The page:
Gresser, Marshall collect campaign matching funds

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The city Campaign Finance Board last Thursday dolled out the second round of checks to candidates participating in the matching funds program, and the two Democratic candidates for Queens borough president as well as 12 city council candidates in the county were the lucky beneficiaries.

City Councilwoman Helen Marshall (D-East Elmhurst) and Douglaston resident Carol Gresser, the former Board of Education president, each was given more than $400,000 in matching funds that had been denied to them the previous week. The third Democrat, City Councilman Sheldon Leffler (D-Hollis), received matching funds on Aug. 6.

Of the 55 Queens candidates who face a primary in the race for one of the borough’s 14 city council seats, 12 more hopefuls qualified for payments on Aug. 16 when the Campaign Finance Board handed out the second series of funds to those who met the program’s criteria. With the additional qualifiers, more than 67 percent of Queens council candidates have received money from the city.

The Campaign Finance Board said some of the reasons a candidate might not get matching funds are if they are knocked off the ballot, do not meet the fund-raising threshold of $5,000, fail to attract 50 contributors, file their papers later or otherwise are not in compliance with the board’s guidelines.

A candidate is considered non-compliant if he has not returned contributions that exceed the allowable limit, received corporate contributions or has taken contributions from a non-registered political action committee.

Matt Mullarkey, Marshall’s campaign manager, said they were very pleased with the $441,316 her campaign received in public funds. He said that the week’s delay — the first round of funds was handed out on Aug. 6 — did not have an effect on her race.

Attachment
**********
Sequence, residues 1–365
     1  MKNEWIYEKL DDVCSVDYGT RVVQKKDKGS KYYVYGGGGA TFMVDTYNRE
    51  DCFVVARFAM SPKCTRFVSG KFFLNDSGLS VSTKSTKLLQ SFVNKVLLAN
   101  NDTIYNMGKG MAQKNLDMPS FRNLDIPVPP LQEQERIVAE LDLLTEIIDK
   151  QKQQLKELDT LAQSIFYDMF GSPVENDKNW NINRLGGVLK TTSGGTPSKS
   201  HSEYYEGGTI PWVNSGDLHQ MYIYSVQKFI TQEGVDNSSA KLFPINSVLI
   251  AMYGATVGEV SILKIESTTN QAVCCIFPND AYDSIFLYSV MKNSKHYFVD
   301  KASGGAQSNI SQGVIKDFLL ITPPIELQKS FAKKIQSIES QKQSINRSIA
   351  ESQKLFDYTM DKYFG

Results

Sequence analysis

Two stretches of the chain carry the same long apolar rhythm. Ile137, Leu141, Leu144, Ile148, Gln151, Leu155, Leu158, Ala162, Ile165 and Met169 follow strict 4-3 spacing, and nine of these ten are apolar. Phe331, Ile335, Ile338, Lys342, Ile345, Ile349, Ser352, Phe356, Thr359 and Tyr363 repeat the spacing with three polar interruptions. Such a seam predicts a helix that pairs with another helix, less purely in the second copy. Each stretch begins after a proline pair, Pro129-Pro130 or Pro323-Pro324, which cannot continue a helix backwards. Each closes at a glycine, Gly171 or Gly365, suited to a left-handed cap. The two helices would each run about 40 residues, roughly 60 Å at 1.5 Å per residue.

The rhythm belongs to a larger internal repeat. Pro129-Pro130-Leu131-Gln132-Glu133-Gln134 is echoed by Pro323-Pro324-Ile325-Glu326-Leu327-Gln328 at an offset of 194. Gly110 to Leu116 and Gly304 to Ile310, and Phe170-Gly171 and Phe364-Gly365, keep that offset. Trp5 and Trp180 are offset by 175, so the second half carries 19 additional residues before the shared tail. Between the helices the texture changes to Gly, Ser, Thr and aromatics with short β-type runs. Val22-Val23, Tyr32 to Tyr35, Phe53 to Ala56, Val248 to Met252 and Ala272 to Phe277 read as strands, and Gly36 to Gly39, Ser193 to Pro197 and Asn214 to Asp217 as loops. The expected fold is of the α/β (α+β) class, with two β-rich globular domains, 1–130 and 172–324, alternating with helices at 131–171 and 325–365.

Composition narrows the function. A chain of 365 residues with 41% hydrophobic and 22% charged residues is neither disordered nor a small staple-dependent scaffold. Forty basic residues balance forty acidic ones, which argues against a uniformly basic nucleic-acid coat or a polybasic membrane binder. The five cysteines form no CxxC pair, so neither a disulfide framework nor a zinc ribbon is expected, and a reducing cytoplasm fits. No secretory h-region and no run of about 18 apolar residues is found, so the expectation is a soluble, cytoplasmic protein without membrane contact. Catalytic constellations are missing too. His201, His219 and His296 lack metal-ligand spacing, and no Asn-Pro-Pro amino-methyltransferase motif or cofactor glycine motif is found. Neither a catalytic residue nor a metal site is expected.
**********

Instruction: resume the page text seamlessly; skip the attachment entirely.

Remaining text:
Marshall’s matching funds were held up because of compliance issues, according to the Campaign Finance Board.

“I think for us it was political committees and PACs,” Mullarkey said. “We received a couple of small checks and gave the money back.”

He said some of the PACs had not registered or registered in time with the Campaign Finance Board. Mullarkey said a portion of the contributions came from state legislators who do not have dealings with the board and did not know they needed to register.

“It helps,” Anat Jacobson, Gresser’s campaign manager, said of the money. “We have been right on track with spending and fund raising. We expect to do everything we planned to do.”

She said the delay in getting the $415,808 did not hinder her campaign. The money was held back because the board could not read one of her campaign filing disks.

Jacobson said the money matter has been cleared up and should not be a problem in the future. Part of Gresser’s money will go to pay back a $100,000 loan she received from her husband to aid her campaign.

City Councilman Alfonso Stabile (R-Ozone Park) does not have an opponent in the Republican primary so he does not receive matching funds.

All 14 of the borough’s city council seats are up for grabs because term limits have prevented Queens’ incumbents from seeking re-election. Initially 100 Queens residents had signed up for the program, the most in the five boroughs, but through challenges to their campaign, lack of funds or lack of support, only 73 council candidates from the borough are still participating in the matching fund program.

The 12 new candidates receiving funds are Anthony Andrews in District 28, Arthur Cheliotes in District 19, Leroy Comrie in District 27, Paul Graziano in District 20, Charlotte Jefferson in District 31, Garth Marchant in District 28, Hiram Monserrate in District 21, Patrick O’Malley in District 26, Terence Park in District 20, Lynn Schulman in District 29, Helen Sears in District 25 and Lew Simon in District 32.

Any candidate who wanted to receive $4 for every $1 raised under the matching funds program had to file his or her paperwork with the Campaign Finance Board by June 1. The city will match contributions up to $250 from city residents. This means that for a $250 contribution a candidate will receive $1,000 from the city.

The program was also designed to lessen the influence of campaign contributors on the candidates, level the playing field and make the information on the candidates’ finances more accessible.

Reach reporter Adam Kramer by e-mail at or call 229-0300, Ext. 157.

Posted 7:22 pm, October 10, 2011
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